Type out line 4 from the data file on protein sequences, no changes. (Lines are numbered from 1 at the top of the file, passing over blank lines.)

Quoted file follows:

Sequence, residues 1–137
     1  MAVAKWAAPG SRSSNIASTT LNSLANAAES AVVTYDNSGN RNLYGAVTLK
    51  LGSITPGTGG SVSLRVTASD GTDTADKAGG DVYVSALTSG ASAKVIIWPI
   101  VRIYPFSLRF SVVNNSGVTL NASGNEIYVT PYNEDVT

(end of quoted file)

   101  VRIYPFSLRF SVVNNSGVTL NASGNEIYVT PYNEDVT